The students were then invited to the exhibit hall where they were given a number of demonstrations by exhibitors. These included agencies like the National Science Foundations (NSF), telescopes on Maunakea and even space telescopes like Chandra.
Unfortunately, the AAS meeting occurs in a different city every year so we cannot provide this same opportunity to our students next year; however, mentors and teachers alike have come away with inspiring ideas for communicating astronomy in the classroom to our next cohort of Maunakea Scholars!
As the new school year commences, we are happy to announce our program this year will be heading to SIX Hawaiian Islands! The schools listed below will be participating with proposal writing and summit tours, with the best proposals being allocated time on one of our eleven participating telescopes!
This years participating schools are:
- Hawaii Island
Honokaa High School students win telescope time on two of the most powerful telescopes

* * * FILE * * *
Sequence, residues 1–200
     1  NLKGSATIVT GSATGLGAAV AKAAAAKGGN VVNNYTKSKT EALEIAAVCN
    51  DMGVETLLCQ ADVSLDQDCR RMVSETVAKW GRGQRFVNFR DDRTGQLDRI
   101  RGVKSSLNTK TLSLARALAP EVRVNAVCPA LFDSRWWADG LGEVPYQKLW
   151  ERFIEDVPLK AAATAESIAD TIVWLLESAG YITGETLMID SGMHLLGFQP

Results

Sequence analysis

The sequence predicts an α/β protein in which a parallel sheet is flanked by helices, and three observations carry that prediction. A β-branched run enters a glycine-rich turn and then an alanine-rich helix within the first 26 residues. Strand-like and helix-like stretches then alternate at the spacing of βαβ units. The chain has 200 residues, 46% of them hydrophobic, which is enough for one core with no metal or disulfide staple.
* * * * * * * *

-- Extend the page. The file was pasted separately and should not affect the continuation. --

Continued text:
April 17, 2018: The final Maunakea Scholars awards ceremony of the year was held at Honokaa High School. After months of traveling around the state awarding telescope time, it was satisfying to wrap up the year on the Big Island. The 2017-2018 school year was a busy and exciting time, with a record number of schools and students participating. Twenty-six projects and thirty-six students received time on the Maunakea Observatories, Las Cumbres Observatory and Robo-AO.
“The number of students we worked with this year is incredible. In our first year, we worked with two schools and awarded ten students telescope time. To see the program grow at this rate with the quality of the proposals improving each year is a testament to our teachers, students and mentors” said Mary Beth Laychak, outreach manager at the Canada-France-Hawaii Telescope. “We continue to be impressed with the big questions in astronomy that our students seek to solve.”
The Honokaa High School Maunakea Scholars winners include:
- “The Key to Detecting Dark Matter” by Keilani Steele. Keilani will use the W.M. Keck Observatory to observe the Draco dwarf galaxy to map the galaxy’s rotation curve. She is the first two time awardee of telescope time in the Maunakea Scholars program.